Lee defined the role of a patient advocate and talked about the patient advocate’s role at the Kidney Cancer UK. She then went on to describe the help currently available to kidney cancer patients and their families from the Kidney Cancer UK and from local kidney cancer support groups.
The definition of a patient advocate is someone who provides support to an individual or a group of people, or someone who pleads another’s case. A patient advocate cares passionately about an issue and takes action, speaks out about unjust and unfair situations and offers practical help, information, experience and personal support.
At the Kidney Cancer UK, our aim is to ensure the needs of the patient are first and foremost in everything we do. The patient support team at the Fund:

  • Supports and empowers patients i.e. drugs funding/rarer cancer issues
  • Raises awareness of kidney cancer
  • Provides quality information and resources for patients
  • Provides patient input into NICE quality standards and clinical trial design etc.
  • Works with politicians, clinicians and pharmaceutical companies
  • Promotes shared decision making/participatory medicine
  • Provides input into NHS processes to ensure they are patient centered
  • Supports fundraising for kidney cancer causes
  • Challenges health policy that seems to fail the patient
  • Wants to help improve the lives of kidney cancer patients, their families and carers.

The Fund supports patients in a number of ways, such as:

  •  Kidney Cancer Careline – telephone helpline
  • Online patient and carer forum
  • Individual advocacy and practical advice
  • Kidney cancer patient days
  • Local support groups
  • Kidney cancer literature and facts sheets
  • Clinical trials updates
  • Breaking news in the world of kidney cancer
  • Online renal cancer course for healthcare professionals
  • Patient grants for up to £1,000.

Another way the Fund can support kidney cancer patients is by providing help with setting up and running local patient support groups. Local support groups provide support to patients in a number of ways, including:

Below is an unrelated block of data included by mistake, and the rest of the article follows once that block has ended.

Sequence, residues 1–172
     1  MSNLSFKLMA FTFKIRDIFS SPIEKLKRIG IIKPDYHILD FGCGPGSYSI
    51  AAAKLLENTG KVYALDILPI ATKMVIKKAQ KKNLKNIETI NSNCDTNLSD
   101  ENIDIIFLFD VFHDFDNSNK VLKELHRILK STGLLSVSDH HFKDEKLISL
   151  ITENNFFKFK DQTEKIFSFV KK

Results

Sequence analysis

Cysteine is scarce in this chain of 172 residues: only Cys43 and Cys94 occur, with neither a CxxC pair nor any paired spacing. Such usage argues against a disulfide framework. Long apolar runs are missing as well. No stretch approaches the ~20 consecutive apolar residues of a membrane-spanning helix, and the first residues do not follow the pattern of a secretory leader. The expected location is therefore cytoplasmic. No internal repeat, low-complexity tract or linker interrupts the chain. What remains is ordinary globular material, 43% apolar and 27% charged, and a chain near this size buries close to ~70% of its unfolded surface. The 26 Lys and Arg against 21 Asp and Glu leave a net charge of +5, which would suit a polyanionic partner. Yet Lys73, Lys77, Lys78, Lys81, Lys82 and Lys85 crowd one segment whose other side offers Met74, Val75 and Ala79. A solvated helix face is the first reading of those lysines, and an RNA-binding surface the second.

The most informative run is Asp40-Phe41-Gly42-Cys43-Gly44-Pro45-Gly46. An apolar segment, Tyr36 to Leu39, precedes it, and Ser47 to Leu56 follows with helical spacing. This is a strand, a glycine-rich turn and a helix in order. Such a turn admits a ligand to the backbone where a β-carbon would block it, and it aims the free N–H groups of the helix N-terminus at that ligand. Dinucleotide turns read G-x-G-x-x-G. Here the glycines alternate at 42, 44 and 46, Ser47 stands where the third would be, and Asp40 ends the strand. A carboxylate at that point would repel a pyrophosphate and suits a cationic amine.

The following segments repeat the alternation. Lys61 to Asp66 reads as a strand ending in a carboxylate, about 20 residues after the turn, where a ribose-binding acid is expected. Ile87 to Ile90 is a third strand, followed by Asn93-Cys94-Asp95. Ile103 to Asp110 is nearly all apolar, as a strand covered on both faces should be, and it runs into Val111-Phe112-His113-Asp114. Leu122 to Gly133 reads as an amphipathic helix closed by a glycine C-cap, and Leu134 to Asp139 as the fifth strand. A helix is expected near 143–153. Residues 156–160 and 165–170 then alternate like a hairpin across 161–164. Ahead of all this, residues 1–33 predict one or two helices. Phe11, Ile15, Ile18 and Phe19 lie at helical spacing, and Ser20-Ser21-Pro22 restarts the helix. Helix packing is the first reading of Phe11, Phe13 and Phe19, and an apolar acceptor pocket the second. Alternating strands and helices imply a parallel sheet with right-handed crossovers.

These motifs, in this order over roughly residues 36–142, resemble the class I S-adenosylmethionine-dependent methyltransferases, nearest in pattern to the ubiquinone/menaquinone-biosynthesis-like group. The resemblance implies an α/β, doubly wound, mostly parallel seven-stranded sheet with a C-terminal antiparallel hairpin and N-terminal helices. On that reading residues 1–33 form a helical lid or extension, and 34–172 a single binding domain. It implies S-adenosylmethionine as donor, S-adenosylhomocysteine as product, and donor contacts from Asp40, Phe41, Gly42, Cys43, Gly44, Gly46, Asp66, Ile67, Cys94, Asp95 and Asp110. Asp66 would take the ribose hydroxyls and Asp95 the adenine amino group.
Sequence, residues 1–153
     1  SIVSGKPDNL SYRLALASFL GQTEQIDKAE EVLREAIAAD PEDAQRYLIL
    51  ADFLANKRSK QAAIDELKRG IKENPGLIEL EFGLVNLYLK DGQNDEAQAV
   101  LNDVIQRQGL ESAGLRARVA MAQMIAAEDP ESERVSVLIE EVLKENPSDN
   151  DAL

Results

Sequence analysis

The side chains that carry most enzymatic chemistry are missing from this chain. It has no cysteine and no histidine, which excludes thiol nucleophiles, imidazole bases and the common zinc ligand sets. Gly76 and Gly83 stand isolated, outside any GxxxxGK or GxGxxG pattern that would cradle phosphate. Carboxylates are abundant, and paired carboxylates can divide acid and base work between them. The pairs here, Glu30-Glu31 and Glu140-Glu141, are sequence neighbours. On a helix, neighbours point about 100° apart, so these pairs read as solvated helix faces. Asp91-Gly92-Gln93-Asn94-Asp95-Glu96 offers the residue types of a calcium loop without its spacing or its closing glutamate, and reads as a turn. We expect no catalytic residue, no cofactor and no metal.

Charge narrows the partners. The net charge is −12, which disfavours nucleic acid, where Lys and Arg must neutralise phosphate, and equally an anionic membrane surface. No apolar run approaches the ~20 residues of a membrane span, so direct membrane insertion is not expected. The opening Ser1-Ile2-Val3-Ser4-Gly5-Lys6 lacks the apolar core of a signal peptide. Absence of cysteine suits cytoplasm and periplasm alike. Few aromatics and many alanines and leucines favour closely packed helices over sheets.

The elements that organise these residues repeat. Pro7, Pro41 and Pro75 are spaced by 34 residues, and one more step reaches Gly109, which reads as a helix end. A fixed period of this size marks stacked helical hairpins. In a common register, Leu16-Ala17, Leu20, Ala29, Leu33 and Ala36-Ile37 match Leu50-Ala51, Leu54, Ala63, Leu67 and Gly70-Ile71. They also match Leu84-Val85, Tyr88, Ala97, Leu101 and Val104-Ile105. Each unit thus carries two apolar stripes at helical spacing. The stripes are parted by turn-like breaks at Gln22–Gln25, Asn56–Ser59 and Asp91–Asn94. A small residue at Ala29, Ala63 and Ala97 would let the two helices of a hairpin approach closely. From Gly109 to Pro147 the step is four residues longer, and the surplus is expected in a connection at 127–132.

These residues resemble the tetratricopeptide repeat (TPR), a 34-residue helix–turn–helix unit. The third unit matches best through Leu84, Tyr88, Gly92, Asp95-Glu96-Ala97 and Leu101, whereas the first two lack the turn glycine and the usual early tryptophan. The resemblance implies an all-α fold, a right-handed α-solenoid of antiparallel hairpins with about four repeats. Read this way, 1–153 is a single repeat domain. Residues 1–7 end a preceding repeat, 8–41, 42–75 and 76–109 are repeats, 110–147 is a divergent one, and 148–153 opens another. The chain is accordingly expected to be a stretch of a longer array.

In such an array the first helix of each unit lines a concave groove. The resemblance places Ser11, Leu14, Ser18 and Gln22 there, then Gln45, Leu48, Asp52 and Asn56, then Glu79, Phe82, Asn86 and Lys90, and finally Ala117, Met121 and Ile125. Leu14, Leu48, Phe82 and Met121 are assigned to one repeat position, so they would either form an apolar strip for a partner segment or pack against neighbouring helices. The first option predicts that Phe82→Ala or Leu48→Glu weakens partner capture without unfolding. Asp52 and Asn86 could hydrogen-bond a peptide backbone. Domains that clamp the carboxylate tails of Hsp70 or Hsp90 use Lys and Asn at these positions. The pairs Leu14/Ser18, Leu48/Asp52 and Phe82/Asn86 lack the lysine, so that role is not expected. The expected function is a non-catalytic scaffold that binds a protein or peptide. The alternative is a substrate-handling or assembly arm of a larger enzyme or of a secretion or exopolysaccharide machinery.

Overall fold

• Providing a forum for meeting others who know how you feel
  • Friendship – talking things over with people who are in a similar situation to you
  • Provision of high quality information
  • Influencing your hospital services for the better
  • Learning from clinicians, nurses and healthcare professionals
  • Managing side effects of treatment and drugs
  • Expert advice about benefits, returning to work, finances, complementary therapies, diet, daily living with cancer, pain management.

If you are interested in setting up such a group in your hospital, the Fund can help with the following:

  • Communication – space on our online forum for group activities
  • Publicity – group flyers, leaflets and posters
  • Organising speakers on various subjects
  • Start up grants to help with your set-up costs
  • Experience – talk to existing kidney cancer groups for help and advice
  • Introductions to clinicians and nurses.

Lee concluded her presentation by thanking the patients for listening. She provided them with the contact details for the patient support team and the careline at the Kidney Cancer UK.
The Development of an Advice and Information System for People Living With and Beyond Urological Cancer in Scotland: Work and Working Life Sarah Scott and Dr Sara Maclennan
This session was started with an overview of returning to work after cancer and the charity hopes to help with that and how others can get involved. A diagnosis of cancer and treatment can impact people in a number of ways:

  • Physical or Fatigue, pain, limited mobility, sickness
  • Social o Relationships, role, everyday activities, work
  • Psychological or Depression, anxiety, reduced confidence